On View

Stephen Lichty at Foxy Production

'Untitled' (2014) by Lichty. (Courtesy the artist and Foxy Production)

Stephen Lichty’s knockout solo gallery debut centers on an untitled monolith of columnar basalt sourced from Grand Coulee in Washington State. Six and a half feet tall and pale gray, it has a footprint naturally shaped like the trapezoidal pentagon on Superman’s breast. It is speckled with maroon dots and a few white patches, with a blackish water line whipping down its left edge like lightning; viewed from the gallery door, it looks simple and rectangular. Another facet is more liberally water stained, and a third is the purplish-black color of a bruise up to the top fifth or so, where it narrows slightly and then offsets, like the point of a stone axe, and is dappled with orange oxidation. Unweathered, the stone itself would be the color of a prehistoric night, as you can see in the brief, restrained curve that Mr. Lichty has polished onto the tip, just visible to either side of the taxidermied tomcat draped over it. A gray tabby with black spots, black rings on its legs, blond highlights and gently closed eyes, the cat stretches out in a curiously human position, its hind legs and tail hanging straight, its back relaxed, its forelegs extended to embrace what is at once its tombstone and its foundation, and its muzzle resting to one side of the corner like a napping child on its father’s shoulder. One tiny fang pokes out. Read More

On View

‘Sara Cwynar: Flat Death’ at Foxy Production

'Contemporary Floral Arrangement 5 (A Compact Mass),' 2014. (Courtesy the artist and Foxy Production)

Sara Cwynar attacks photographic flatness, the digital manipulation of images, appropriation, accretion, our present-day cargo-cult apocalypse of worthless tchotchkes, and all the other instruments she’s young enough to take for granted instead of belaboring with a virtuosic ad-hoc analog gusto. Contemporary Floral Arrangement 5 (A Compact Mass), for example, began with a card deaccessioned from the New York Public Library Picture Collection that showed a flower arrangement in an alabaster urn. Ms. Cwynar scanned, enlarged and reprinted this image in sections on 30 new cards, which she then taped together on the floor. Then, before reshooting this reconstituted picture from above, she doubled the flowers with an adroitly colorful arrangement of hotel keys and soaps; matchbooks from the Ritz-Carlton, Betty and Harry’s wedding and a restaurant that’s been serving lunch and dinner since 1936; Scrabble tiles, pencils, a camera flash, dice, birthday candles, padlocks, yardsticks, power cords, shoelaces, price stickers, knitting needles, paperbacks, Pantone cards, a snapshot, a baseball card and a bilingual Canadian pillbox—every object casting its own centripetal shadow. Read More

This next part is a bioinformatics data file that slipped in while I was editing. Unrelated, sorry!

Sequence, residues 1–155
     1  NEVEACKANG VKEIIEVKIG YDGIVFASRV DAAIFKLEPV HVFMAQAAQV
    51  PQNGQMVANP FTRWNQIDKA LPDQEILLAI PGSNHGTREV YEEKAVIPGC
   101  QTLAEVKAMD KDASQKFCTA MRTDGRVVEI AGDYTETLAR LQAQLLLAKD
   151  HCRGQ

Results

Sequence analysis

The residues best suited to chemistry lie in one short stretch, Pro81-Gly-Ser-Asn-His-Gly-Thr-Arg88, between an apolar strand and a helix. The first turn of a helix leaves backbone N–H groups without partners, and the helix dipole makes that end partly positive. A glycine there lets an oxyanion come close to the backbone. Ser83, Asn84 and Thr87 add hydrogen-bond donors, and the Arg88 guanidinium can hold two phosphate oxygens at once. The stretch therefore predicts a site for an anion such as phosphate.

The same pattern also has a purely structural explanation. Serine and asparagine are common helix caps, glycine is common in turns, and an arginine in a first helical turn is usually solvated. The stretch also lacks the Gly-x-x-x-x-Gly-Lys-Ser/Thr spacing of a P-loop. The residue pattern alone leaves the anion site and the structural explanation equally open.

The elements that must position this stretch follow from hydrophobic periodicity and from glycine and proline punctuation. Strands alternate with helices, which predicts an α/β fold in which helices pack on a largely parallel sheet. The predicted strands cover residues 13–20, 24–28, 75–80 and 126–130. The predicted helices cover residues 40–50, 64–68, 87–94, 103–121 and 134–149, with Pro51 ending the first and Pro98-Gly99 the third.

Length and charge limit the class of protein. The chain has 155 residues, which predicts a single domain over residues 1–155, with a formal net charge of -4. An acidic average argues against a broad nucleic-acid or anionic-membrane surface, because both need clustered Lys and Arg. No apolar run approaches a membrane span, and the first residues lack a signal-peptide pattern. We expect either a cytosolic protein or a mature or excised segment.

On View

‘Minty’ at Foxy Production

'Say It With Flowers' by Buffon. (Courtesy the artist)

Imagine yourself in an anxiety dream. Bald allusions to sex and carnality are everywhere, with an obsessive focus on the violence latent in any intimate crossing of borders or shifting of roles. But nothing feels solid or real. And then, like an afterimage, you wake up to cool and refreshing sublimation, immaculate in its artifice but no less sincere: “Minty,” once the name of performance artist Leigh Bowery’s band, now the name of a drag character performed by artist Matt Savitsky as well as of this group show curated by Ebony L. Haynes. “You have to see everything,” Mr. Savitsky’s “drag mother” (his mentor in drag) tells him while correcting his makeup in the artist’s short video Screen Test #1. “You have to see everything.” To practice his makeup application, Mr. Savitsky also cast his own face in plaster: Untitled (Part of Room Face Realness) consists of the artist’s face, doubled and upside down, made up to and beyond lifelike with foundation and purple lipstick, lips pursed around short pieces of white PVC pipe—like the pipe the artist breathed through while casting—and swinging from a thick black rope. “You have to see everything,” Mr. Savitsky mouths uncertainly to himself as the video ends. Read More

On View

‘HMV’ at Foxy Production

5 Photos

Installation view

There’s a thin line between suggestive paradox and resignation, but “HMV” manages to walk it. Organized by independent curator Alexander Shulan, the exhibition is named after the 1968 Stanislaw Lem novel His Master’s Voice, which follows a group of scientists who fail to interpret a signal from outer space because they can’t keep from projecting themselves onto it. Read More

Review

Sea Spume, Magic Hands and Miniature Worlds: Jeff Shore and Jon Fisher at Derek Eller, Michael Bell-Smith at Foxy Production, Louise Fishman at Cheim & Read

6 Photos

Installation view of Louise Fishman's show at Cheim & Read

FOR THE TEXAN collaborative team of Jeff Shore and Jon Fisher, the camera obscura has been displaced as a metaphor by a surveillance-state Moebius strip. Everything is exposed for peering at, but there is no outside from which to peer in. Their new installation Trailer, currently biding its time in Derek Eller Gallery, consists of five ceiling-mounted projectors throwing five blank, digitally pixelated rectangles, each tinted a different color, onto or beside five groups of 17 wall-mounted plywood boxes, six power strips, and innumerable wires, caps, circuits and LED lights. The wires, whose elegant parallels and polite crossings bring to mind a schematic subway map, lead up the walls and across the ceiling to a secret control room in the back. Read More